On the Issues—Unintended Consequences in the Race to Improve College Completion Rates

An “On the Issues” Post from the Campaign for the Future of Higher Education [http://futureofhighered.org]

_______________

As happens too often in higher education these days, the recent push to increase college completion rates shows how laudable goals can become problematic when pursued in narrow, rigid ways.  Who wouldn’t want to increase the numbers of college graduates?  The goal is certainly a no-brainer.

However, a report to be released next month by the National Student Research Clearinghouse Center showing unchanged college completion rates over the last year could encourage a policy push in the wrong direction.

As the report shows, some groups—working students, parents, and other students who (for any number of legitimate reasons) can only attend college part-time– have a harder time graduating in the “magical” 6 years defined as “successful completion.”  That, too, is a no-brainer.

The 6-year standard for “successful college completion” will not work for all students, especially those with family and work obligations.  Policy initiatives to “incentivize” 6-year graduation could just mean even more obstacles to graduation—and less success—for some students if they are pushed into taking more courses than they can handle successfully.

Such unintended consequences can be avoided if we keep focused on the real goal of providing more students with high-quality higher education and if we temper our urges for simplistic, one-dimensional measures of our progress toward that goal.

For more information, see http://chronicle.com/article/College-Completion-Rates/143191/?cid=at&utm_source=at&utm_medium=en.

_______________

Previous “On the Issues” Posts are available at the CFHE website or here:

“MOOCs, Pearson, and Profits”: http://academeblog.org/2013/05/01/moocs-pearson-and-profits/

“The Cold Facts about Higher Education and Contingent Faculty Appointments”: http://academeblog.org/2013/05/07/the-cold-facts-about-higher-education-and-contingent-faculty-appointments/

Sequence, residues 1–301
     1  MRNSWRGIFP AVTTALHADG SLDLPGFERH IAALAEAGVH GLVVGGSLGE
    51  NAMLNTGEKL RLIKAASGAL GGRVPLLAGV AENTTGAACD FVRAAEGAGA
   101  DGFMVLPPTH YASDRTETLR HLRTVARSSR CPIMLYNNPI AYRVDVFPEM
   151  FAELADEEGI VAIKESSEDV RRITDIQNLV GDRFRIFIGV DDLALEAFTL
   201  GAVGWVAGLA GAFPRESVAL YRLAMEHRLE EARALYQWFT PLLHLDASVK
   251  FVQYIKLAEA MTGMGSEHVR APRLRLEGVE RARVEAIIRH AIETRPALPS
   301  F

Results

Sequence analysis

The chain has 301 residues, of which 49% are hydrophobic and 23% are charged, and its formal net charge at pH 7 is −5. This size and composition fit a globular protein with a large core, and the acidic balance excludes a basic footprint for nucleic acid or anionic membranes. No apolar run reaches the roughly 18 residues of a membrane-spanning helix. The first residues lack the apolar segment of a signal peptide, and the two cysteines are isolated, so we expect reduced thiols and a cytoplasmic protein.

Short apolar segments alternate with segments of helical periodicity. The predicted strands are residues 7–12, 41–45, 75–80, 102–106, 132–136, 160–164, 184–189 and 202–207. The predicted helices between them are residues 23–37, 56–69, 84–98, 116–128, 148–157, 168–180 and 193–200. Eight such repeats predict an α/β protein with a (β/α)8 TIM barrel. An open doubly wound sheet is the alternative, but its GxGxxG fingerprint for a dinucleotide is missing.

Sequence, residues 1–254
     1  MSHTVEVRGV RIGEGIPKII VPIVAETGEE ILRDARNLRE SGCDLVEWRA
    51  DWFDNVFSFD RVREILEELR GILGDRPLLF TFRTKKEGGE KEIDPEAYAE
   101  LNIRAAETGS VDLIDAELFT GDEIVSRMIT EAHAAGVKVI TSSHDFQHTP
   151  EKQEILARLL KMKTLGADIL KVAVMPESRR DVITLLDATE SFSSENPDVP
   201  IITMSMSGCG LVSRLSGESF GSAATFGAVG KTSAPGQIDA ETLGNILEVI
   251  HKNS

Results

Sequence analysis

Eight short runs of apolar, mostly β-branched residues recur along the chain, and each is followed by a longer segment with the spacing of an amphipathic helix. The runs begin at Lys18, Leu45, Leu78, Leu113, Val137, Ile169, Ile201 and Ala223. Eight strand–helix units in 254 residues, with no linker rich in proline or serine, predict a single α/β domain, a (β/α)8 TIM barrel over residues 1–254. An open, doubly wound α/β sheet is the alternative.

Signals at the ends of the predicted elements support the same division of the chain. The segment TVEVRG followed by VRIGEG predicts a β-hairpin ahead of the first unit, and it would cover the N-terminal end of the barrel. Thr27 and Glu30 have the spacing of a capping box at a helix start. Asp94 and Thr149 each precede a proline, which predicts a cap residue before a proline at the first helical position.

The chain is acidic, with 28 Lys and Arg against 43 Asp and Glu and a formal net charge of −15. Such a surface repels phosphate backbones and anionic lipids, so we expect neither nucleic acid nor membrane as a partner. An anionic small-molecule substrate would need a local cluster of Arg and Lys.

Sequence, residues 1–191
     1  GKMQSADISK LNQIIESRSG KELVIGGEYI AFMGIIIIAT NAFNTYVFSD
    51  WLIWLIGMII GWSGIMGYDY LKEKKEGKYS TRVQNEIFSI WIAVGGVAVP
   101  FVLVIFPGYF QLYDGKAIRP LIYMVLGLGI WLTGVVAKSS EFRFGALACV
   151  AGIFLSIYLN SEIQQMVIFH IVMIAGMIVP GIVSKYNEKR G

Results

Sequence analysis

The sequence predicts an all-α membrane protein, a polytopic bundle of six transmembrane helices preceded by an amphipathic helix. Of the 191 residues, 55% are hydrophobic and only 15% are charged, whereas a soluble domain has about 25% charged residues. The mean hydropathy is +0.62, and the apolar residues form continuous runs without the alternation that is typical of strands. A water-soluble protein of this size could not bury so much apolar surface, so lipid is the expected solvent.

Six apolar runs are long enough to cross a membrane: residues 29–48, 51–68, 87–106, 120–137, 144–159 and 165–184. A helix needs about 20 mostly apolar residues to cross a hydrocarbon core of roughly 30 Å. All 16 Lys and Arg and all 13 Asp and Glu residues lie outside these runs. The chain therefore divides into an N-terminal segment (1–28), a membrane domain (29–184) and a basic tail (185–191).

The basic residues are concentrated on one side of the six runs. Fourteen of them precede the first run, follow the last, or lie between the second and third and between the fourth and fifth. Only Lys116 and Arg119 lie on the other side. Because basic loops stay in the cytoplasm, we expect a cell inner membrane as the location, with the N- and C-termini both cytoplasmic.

“More Bad Ideas on Higher Education from Florida”: http://academeblog.org/2013/05/09/more-bad-ideas-on-higher-education-from-florida/

“Who Needs a Liberal Education These Days?”: http://academeblog.org/2013/05/10/who-needs-a-liberal-education-these-days/

“Who Says College Can’t Be Free?”: http://academeblog.org/2013/06/07/who-says-college-cant-be-free/

“MOOCs: Are They about Access or Money?”: http://academeblog.org/2013/06/08/moocs-are-they-about-access-or-money/

“Adjunct Faculty Need Far Treatment in the Implementation of the New Healthcare Law”:  http://academeblog.org/2013/06/28/adjunct-faculty-need-fair-treatment-in-implementation-of-the-new-federal-healthcare-law/

“The ‘Business Model’ for Higher Education”: http://academeblog.org/2013/07/01/the-business-model-for-higher-education/

“Udacity/San Jose State MOOC Experiment Fails”: http://academeblog.org/2013/08/27/udacitysan-jose-state-university-mooc-experiment-fails/

“Big $$$ Foundations Are Driving the Policy Train”: http://academeblog.org/2013/08/28/big-foundations-are-driving-the-policy-train/

“American Higher Education: Separate and Unequal?”: “Pay It Forward”: http://academeblog.org/2013/10/25/on-the-issues-pay-it-forward/

“The End of History?”: http://academeblog.org/2013/12/12/on-the-issues-the-end-of-history/

Other posts related to the CFHE are available here:

http://academeblog.org/?s=CFHE&submit=Search

2 responses

  1. Pingback: On the Issues—Graduate Students and the Future of Higher Education | Academe Blog

Your comments are welcome. They must be relevant to the topic at hand and must not contain advertisements, degrade others, or violate laws or considerations of privacy. We encourage the use of your real name, but do not prohibit pseudonyms as long as you don't impersonate a real person.

Fill in your details below or click an icon to log in:

WordPress.com Logo

You are commenting using your WordPress.com account. Log Out / Change )

Twitter picture

You are commenting using your Twitter account. Log Out / Change )

Facebook photo

You are commenting using your Facebook account. Log Out / Change )

Google+ photo

You are commenting using your Google+ account. Log Out / Change )

Connecting to %s